Saturday, 13 September 2014

Movie Review: The Hundred-Foot Journey (2014)


A feel-good story of cultures clashing then reconciling in rural France, The Hundred-Foot Journey offers grown-up entertainment in a pleasantly predictable package.

Hassan Kadam (Manish Dayal), a young Indian man, was taught how to cook by his Mama (Juhi Chawla). Tragedy strikes when Mama is killed and the family restaurant owned by Papa Kadam (Om Puri) is burned to the ground by an enraged mob following disputed elections. The surviving Kadams emigrate to Europe, and eventually stumble onto an abandoned restaurant property just outside a quaint town in France. Papa purchases the land and builds his dream Indian restaurant with Hassan as the chef, much to the disgust of Madame Mallory (Helen Mirren), who owns an haute cuisine French restaurant across the street.

Marguerite (Charlotte Le Bon) works as a sous-chef with Madame Mallory, and she starts a tentative friendship with Hassan, which evolves into a romance. Madame Mallory's establishment is proudly recognized with a single coveted Michelin star, and she craves winning a second star. But with the noisy Indian restaurant suddenly offering competition and disrupting her staid environment, a tense stand-off erupts between the two establishments, with a racist undercurrent. But Hassan's burgeoning talent will not be denied, and his rising reputation takes him on an unexpected journey.

Directed by Lasse Hallström from a script by Steven Knight, perhaps The Hundred-Foot Journey's tone and intent are best revealed by the producing team of Steven Spielberg and Oprah Winfrey. This is an elegant film, oozing with classy performances, filled with beautiful scenery, and singularly focussed on teasing out the best of what makes seemingly discordant cultures work together. That the ending is preordained, and that romance will flourish despite cultural barriers, comes with this territory.

The blending of Hollywood and Bollywood in neutral France works well, with Helen Mirren perfectly haughty as the widow denying her emotions by throwing her soul into perfecting her already impeccable restaurant. Bollywood veteran Om Puri matches her with a performance of grace and determination. Papa Kadam is man more stubborn than he at first appears, holding on to Indian traditions but not beyond raising his elbows and adapting as needed to ensure that his family not only survives but thrives in their new environment. Both Madame Mallory and Papa Kadam will have to overcome some of life's deeper scars before coming to terms with each other.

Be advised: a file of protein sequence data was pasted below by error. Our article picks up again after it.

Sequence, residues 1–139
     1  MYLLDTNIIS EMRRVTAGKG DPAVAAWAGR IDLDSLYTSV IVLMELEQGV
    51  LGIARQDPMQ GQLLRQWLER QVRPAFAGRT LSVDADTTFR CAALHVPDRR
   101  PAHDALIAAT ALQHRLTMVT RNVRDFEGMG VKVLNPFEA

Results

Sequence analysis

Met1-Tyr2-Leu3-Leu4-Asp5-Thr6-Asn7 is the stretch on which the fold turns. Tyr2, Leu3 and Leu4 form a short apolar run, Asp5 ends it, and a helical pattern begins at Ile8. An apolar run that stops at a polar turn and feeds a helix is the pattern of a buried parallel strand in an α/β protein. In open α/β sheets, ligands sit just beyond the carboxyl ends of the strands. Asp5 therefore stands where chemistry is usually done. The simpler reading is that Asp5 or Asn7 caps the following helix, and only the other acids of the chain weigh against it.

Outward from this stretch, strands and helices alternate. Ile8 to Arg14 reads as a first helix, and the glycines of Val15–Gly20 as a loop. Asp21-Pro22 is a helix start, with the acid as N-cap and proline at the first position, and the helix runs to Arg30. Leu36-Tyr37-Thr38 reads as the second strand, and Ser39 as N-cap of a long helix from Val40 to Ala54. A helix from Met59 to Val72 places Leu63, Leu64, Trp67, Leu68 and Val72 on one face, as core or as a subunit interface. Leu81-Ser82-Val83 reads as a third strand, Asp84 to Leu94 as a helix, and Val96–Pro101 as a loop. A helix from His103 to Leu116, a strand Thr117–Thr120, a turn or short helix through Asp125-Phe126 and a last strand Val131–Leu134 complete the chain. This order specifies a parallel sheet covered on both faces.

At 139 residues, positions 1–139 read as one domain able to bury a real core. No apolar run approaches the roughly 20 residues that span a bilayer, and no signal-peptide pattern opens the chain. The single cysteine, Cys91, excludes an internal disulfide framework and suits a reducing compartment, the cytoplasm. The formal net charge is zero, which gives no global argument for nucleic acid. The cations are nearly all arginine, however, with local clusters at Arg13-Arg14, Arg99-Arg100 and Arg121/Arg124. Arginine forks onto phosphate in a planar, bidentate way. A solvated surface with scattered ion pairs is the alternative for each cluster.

The romance between the younger couple Hassan and Marguerite is ironically more traditional, complete with bicycle rides through the countryside. The complications emerge in the form of career competitiveness. Marguerite is at first welcoming and helpful, but once Hassan's talent as a potential star chef becomes clear, she struggles with the sudden and unexpected threat to her own ambitions.

The final third of the film smoothly switches gears, as peace breaks out between the competing restaurants and the journey becomes that of Hassan, the talented immigrant struggling with the definition of success, the importance of family, and the unfinished business of the heart. The journey starts with the first hundred feet, but it's ultimately the trip of globalisation, around the world to define the new meaning of home.






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